I don't really think that trainers are "teaching" this style, I just think they are not fixing it. There may be some out there that teach like that but I think most just don't fix it. I have been through about 8 trainers and have been riding for 10 years. I started out riding hunters then switched to eventing. My hunter trainers gave me a pretty good foundation and when i switched to eventing, and had to give my horse some time off, lost my position. This is when i started trying more trainers. What I really wanted was help with my position and not one trainer said anything about my position even a hunter/equitation trainer. (and many of these trainers were advanced eventers 2 of which had been to Rolex) I do not have a bad position by any means, but it is not perfect either. So, i've never met a trainer that taught this way, but many that just didn't try to fix it.
I keep coming across more and more people who jump like the 1st picture. It seems like jumping ahead is the new "style" and it drives me crazy! I agree with equineeventer3390 that instructors are not fixing the problem. They aren't teaching it, they just dont think that they should fix it. The sad part is that these riders are wining more and more and in order to be a "hunter rider" you dont need to focus on good eq but rather just lean and duck.
Do you think it is the coaches that we need to point fingers at? GM thinks so - and I do agree to a point. BUT what about the Judges??? Are they pinning these riders who perch and pose like this over fences, and that is why Coaches are teaching it - so that their students pin?
What is the cause of this?
I do believe, whole heartedly - that coaches are allowing riders over fences, way before they should be. How many do we see with unfunctional form - and going over fences continuously? No coach that I see, are putting their students on lunge lines. Classes are too big where the student is not getting the needed attention, and everyone is saying "wow you are such a good rider" when they aren't.
I think that is the biggest issue. Then I think another issue, is that riders are allowed to compete before they should be, so coaches teach their students to perch and pose so not to effect the horses movement so that their student can pin.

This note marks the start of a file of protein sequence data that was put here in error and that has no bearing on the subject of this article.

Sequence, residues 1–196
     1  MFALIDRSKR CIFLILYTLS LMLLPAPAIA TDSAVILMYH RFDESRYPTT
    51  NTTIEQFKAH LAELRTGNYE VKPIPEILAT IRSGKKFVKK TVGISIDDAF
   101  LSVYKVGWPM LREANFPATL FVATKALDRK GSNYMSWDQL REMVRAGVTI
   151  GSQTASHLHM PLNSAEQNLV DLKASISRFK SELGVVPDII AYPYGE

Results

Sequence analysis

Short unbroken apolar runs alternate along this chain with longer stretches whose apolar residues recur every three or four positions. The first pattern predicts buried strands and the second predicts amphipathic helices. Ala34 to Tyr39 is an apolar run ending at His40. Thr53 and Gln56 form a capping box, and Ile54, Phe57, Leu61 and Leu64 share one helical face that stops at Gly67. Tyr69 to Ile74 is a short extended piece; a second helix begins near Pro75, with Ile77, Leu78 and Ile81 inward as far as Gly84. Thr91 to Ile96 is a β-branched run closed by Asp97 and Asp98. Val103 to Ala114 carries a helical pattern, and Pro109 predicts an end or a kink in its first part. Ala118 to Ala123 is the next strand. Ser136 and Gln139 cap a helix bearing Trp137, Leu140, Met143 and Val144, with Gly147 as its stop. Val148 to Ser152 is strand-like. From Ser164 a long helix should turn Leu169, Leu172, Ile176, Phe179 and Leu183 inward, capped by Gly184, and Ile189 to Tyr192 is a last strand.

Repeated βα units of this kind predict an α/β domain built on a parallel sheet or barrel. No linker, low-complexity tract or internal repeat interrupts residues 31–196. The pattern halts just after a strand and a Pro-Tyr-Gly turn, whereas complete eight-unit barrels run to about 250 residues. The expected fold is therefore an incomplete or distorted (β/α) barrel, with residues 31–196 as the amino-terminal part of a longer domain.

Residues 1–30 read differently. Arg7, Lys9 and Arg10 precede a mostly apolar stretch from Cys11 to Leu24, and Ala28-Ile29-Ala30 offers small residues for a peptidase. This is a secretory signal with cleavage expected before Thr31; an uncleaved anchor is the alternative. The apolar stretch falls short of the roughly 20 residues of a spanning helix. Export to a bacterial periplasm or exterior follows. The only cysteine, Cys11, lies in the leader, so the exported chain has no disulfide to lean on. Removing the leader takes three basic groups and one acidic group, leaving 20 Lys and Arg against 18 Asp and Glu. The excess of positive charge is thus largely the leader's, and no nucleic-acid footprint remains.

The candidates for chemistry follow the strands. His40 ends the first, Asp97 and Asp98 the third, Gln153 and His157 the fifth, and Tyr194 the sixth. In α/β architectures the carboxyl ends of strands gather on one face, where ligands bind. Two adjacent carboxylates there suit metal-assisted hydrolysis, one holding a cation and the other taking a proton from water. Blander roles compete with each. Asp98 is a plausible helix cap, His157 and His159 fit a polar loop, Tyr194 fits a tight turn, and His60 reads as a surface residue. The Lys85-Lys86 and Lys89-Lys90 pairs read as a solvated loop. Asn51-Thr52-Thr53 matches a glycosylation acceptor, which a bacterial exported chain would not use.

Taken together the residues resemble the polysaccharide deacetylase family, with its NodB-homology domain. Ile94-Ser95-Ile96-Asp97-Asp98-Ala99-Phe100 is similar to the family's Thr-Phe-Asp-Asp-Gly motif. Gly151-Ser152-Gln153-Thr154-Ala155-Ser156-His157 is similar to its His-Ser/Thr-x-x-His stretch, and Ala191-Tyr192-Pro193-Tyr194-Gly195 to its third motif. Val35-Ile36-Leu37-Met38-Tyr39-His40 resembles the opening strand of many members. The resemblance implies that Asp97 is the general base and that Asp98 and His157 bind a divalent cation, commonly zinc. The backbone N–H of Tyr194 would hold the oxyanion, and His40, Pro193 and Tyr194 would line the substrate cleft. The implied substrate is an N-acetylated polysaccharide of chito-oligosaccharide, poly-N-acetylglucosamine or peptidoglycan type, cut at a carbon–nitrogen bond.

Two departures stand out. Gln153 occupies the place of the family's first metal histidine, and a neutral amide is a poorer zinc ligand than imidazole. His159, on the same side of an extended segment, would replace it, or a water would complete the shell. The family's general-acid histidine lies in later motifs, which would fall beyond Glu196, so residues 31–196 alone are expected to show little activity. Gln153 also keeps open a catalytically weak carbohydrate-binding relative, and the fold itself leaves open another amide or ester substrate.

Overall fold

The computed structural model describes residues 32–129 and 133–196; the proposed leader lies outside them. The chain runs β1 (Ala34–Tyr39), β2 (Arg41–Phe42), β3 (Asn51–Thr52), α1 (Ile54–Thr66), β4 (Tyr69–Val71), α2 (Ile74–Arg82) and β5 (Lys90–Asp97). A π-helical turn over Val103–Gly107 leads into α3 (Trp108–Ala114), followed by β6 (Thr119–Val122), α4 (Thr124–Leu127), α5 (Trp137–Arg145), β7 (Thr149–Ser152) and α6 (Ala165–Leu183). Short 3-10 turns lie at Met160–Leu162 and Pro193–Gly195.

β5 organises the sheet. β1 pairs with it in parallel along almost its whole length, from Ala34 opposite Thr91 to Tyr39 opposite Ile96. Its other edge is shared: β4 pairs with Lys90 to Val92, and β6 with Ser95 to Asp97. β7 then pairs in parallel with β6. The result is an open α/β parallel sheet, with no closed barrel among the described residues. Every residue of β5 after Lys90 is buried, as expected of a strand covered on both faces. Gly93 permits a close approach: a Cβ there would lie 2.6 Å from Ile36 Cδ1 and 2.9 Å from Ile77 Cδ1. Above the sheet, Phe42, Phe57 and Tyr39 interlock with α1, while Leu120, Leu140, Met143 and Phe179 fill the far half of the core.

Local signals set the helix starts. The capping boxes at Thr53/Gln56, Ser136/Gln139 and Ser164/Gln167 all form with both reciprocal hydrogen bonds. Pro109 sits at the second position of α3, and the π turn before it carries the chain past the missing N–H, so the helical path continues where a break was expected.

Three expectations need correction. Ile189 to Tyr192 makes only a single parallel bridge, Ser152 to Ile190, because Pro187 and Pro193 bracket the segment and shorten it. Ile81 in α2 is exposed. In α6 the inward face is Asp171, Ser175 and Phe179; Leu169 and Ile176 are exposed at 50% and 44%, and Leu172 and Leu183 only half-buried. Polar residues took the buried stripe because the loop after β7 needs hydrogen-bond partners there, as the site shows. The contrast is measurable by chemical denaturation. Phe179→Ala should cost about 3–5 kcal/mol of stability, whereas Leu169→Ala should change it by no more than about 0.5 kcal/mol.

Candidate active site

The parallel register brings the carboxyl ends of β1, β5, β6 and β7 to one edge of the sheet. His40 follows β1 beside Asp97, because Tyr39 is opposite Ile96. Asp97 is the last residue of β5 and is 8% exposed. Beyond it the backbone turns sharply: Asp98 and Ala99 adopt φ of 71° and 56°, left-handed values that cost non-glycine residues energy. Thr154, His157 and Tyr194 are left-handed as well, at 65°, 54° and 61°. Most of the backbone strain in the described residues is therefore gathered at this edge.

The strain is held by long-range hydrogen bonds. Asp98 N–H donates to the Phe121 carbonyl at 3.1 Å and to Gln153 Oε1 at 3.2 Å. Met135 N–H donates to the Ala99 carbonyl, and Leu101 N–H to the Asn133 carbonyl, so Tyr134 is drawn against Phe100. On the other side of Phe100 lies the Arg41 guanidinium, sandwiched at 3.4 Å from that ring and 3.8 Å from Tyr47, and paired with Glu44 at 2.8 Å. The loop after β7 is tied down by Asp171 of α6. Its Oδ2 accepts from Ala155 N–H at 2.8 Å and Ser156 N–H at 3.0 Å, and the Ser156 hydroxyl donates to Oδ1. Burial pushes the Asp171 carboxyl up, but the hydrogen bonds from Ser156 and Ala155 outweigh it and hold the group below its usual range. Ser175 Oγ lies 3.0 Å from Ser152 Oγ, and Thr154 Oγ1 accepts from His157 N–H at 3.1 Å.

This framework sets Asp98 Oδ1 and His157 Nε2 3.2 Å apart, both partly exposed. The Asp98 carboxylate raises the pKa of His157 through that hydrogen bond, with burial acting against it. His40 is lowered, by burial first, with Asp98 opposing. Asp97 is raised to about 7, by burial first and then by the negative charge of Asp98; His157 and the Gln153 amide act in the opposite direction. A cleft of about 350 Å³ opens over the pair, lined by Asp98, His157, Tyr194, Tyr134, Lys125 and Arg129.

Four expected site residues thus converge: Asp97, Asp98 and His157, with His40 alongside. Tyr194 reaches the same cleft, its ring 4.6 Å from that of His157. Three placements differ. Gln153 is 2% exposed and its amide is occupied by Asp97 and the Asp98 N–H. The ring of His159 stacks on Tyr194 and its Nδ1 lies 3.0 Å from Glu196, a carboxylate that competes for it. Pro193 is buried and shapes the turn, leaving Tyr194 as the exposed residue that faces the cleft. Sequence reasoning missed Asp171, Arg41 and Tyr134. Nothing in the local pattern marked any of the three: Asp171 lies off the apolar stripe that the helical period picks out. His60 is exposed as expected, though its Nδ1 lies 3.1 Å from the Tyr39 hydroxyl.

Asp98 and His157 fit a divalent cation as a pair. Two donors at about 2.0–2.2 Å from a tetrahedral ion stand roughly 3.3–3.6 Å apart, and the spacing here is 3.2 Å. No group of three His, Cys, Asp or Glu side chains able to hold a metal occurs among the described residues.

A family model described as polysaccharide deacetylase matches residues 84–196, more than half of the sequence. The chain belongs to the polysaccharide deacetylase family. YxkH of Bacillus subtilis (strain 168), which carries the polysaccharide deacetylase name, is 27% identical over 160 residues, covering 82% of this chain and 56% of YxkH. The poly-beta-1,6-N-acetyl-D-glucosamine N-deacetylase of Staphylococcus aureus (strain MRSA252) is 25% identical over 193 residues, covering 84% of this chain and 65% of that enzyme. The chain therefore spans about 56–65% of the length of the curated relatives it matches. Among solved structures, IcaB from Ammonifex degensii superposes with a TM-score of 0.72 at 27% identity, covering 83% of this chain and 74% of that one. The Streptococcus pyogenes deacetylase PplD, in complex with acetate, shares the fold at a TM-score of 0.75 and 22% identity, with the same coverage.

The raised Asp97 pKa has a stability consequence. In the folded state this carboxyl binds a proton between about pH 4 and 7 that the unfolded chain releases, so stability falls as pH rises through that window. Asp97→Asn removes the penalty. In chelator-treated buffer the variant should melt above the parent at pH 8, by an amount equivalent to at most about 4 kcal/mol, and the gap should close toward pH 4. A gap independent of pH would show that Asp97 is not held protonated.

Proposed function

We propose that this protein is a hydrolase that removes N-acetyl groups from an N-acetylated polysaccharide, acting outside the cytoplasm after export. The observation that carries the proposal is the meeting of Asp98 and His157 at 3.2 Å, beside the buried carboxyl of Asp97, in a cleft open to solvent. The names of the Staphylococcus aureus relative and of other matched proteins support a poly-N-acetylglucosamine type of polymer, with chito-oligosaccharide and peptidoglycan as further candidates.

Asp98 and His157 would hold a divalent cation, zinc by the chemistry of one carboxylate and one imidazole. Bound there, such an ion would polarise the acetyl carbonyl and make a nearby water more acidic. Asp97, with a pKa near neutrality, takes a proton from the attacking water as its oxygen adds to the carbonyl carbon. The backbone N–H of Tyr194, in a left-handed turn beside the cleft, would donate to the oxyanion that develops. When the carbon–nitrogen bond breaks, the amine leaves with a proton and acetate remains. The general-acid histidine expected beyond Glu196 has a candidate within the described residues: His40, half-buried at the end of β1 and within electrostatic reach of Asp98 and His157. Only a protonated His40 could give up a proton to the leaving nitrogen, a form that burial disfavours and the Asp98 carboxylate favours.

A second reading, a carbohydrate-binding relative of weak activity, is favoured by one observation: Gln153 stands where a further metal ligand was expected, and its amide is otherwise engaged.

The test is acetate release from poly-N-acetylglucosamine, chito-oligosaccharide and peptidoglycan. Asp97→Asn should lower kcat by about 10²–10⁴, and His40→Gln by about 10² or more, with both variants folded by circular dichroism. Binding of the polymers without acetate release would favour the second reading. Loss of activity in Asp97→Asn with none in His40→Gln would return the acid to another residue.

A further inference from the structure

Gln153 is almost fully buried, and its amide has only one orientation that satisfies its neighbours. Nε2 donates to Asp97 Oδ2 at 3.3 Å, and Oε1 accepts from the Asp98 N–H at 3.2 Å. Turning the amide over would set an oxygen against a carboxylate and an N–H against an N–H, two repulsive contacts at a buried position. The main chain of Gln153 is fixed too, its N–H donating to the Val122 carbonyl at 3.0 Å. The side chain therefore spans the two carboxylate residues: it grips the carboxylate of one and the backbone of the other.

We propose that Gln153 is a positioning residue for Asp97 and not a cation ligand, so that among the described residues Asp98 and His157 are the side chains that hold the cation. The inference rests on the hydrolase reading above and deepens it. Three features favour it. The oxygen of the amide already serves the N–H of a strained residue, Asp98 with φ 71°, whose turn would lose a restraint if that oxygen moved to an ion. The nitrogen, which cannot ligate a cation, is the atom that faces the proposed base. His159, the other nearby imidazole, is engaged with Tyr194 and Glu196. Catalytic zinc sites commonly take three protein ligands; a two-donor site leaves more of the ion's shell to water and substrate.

I agree that judges are pinning the riders who "perch and pose" and that might be why coaches are teaching it. But I also think alot of judging is political. I have been to hunter shows where the judge pinned a horse who bolted a whole lap around the ring 4th out of a class of 10. I know that they can't see everything but he carried on forever and I always thought that the judge watched the first few the most to decide places. I don't know, but it seemed the judge was partial to the big, stocky and also those that where chestnuts. I saw others that were more of the picture "hunter" not place at all than those that placed in the top. I see alot of ok riders on really expensive "made" horses pinning high while the educated riders on good horses they have brought along pin not as high. It seems that as long as you have money its not as important that you can ride because the horse will take care of you. I am not saying all judges are political because there are alot out there that are really honest, but I go sit and watch alot of shows and have seen my share of classes that were judged unfair. I have sat at a AA show with a judge who explained what he looks for in the horse and rider and how he scores it. It was really informative. Even in the pictures from your original post the of the two critiques the rider who didn't have practical form was riding a hunter but the rider with practical form was riding jumpers. Maybe its a change that is taking place in the hunter and eq rings?
Sorry to rant and sorry if i am totally wrong but those are just my opinions from what I have observed in going and watching the shows on the weekends (I go alot, I love watching)
No, I agree. That's why I dislike the Hunter World very much. I think the Hunter ring has merged into a whole world of it's own, far from what GM and his comrade's wanted it to be.
GM wanted form to merge from what we see with Fox Hunters, functional and practicle. Not perching and posing.
Take the Crest Release - GM created the crest only for those who cannot balance themselves via lower body, or cannot support their upper bodies via lower body. But yet, we see it over taught, over used - and it turned into what we see with the first rider - perching and posing.
While I agree that we need to know how to use both, because not all fences are smooth - where at times we need to do the crest to support ourselves and not interfear with our horses incase we get a bad distance. But we see riders who have a great stride and the horse takes off at the proper spot, still doing the crest.
The world of Hunters has turned into something, that I don't even want to start to understand.
I am left shaking my head, understanding the frustration that GM and other greats must feel.
Lets look at Beezie Madden. Impecable rider, impecable form. That rider can merge from a 1/2 seat to a full seat in the snap of a finger. She can do both releases and fully support herself functionally over any fence. She grew up at a hunter, but as a functional hunter. She is a rider that GM highly speaks of frequently and I can see why.
So - why are we seeing form such as the first rider. These riders think they look good - but I am left shaking my head in disgust, because it's rediculous and far from the mold GM started.
Ok, we agree that the Judging is political - so is that why we are seeing this unfunctional form in the show ring?
Again, I like to point fingers at the coaches though - I feel that they are permitting to many holes in their students training.
Is this perching and posing due to the coaches not wanting their unfunctional riders to interfear with their horses - so that they can pin?
What is going on here?